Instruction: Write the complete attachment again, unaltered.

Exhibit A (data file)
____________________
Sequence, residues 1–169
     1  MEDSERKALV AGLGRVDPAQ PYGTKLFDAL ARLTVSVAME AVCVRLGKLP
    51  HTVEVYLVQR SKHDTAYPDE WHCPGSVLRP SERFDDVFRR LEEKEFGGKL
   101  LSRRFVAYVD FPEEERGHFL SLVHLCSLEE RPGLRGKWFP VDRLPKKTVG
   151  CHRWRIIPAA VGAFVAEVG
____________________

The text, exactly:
Sequence, residues 1–169
     1  MEDSERKALV AGLGRVDPAQ PYGTKLFDAL ARLTVSVAME AVCVRLGKLP
    51  HTVEVYLVQR SKHDTAYPDE WHCPGSVLRP SERFDDVFRR LEEKEFGGKL
   101  LSRRFVAYVD FPEEERGHFL SLVHLCSLEE RPGLRGKWFP VDRLPKKTVG
   151  CHRWRIIPAA VGAFVAEVG